Prague, Czechia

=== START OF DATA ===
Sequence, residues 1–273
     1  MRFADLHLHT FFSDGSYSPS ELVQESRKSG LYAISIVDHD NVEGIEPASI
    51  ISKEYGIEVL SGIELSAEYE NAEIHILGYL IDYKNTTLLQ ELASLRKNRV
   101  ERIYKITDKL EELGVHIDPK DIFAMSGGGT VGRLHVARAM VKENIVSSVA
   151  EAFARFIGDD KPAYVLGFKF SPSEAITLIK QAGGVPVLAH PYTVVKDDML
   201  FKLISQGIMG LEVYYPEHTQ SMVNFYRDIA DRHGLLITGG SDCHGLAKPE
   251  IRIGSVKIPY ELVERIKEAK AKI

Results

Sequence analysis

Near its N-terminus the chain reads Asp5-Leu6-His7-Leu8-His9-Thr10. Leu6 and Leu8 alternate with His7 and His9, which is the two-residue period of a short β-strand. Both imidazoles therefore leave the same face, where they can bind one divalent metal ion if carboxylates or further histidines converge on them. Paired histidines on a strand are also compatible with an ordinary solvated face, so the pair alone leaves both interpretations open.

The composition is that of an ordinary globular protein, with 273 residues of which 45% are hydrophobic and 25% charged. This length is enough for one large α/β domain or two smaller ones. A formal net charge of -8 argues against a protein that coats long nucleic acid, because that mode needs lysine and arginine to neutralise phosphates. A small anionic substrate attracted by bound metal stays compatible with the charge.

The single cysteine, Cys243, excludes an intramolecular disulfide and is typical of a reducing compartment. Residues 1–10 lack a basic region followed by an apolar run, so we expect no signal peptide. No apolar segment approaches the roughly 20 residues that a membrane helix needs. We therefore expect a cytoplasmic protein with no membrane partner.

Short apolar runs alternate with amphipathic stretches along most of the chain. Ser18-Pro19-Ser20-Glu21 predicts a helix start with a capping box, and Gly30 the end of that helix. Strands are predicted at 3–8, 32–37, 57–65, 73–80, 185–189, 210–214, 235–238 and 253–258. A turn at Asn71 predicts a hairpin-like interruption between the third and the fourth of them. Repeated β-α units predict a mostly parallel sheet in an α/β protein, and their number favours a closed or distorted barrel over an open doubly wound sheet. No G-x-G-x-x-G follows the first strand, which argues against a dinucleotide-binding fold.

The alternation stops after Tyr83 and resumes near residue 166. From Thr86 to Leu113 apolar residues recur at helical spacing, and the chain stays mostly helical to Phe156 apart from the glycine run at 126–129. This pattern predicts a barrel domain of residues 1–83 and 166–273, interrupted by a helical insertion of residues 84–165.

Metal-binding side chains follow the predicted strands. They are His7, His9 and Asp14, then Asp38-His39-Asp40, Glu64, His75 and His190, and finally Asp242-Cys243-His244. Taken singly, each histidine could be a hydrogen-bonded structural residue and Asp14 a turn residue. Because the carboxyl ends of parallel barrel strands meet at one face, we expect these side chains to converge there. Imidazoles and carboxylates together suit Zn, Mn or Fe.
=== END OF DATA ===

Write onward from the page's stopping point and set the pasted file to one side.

generated by or collected through each of the products or services it provides inside its ecosystem – this is what Meta is trying to achieve by pooling together data from Facebook, Instagram, and WhatsApp – or even combing its own data with data from third parties. Third, one can also identify in digital markets the increasing permeability between markets and society. This is because the capacity to monitor, target and manipulate users can impact important societal debates and democratic processes. Online tracking and behavioural manipulation can be used to distort the market for ideas, so as to influence citizens’ attitudes towards elections and public debates beyond the remit of economic activities. As highlighted in 2019 by Margrethe Vestager, the Executive Vice-President of the European Commission, “it’s important to take a broad view of how the power of platforms is affecting the basic values of our society – values like privacy, freedom, fairness. And if it turns out that those values are under threat, then we need to be ready to act” (Vestager, 2019). The dynamics of digital markets and the rise of tech giants are posing a risk to our society and democracy. The business models of these companies are affecting the way we behave not only as consumers, but also as citizens. One example is the proliferation of “fake new” on social media. While prima facie it does not appear to be a competition problem strico sensu , a more careful analysis reveals a different conclusion. Over the past decade, the market of ideas and information was fundamentally disrupted by the new business model implemented by these large digital platforms who make profits when consumers engage with content that is popular and attractive but misleading – sometimes referred to as “clickbait” – or outright fake. These business practices may not necessarily be a sign of malice or of influence from foreign political actors; they can generally be explained by the platform’s pursuit of profits and disregard for negative externalities and impacts on society as a whole. Multi-sided platforms, zero-price markets, network effects, controlled ecosystems, dark patterns, profit maximisation, all these features have together created a digital environment which may appear on the surface as thriving and dynamic, but below is characterised by increased concentration and increased market power. In this environment, the few major players can dictate the nature and pace of innovation, entry into the market, the expansion of services and the interface with consumers. Many digital or online markets have tipped in favour of the of the dominant platforms because of those characteristics. 2. When to intervene? The market characteristics described above are in constant flux and therefore create a familiar dilemma for competition authorities within and without Europe. Should one trust and hope that market forces alone are sufficient to introduce


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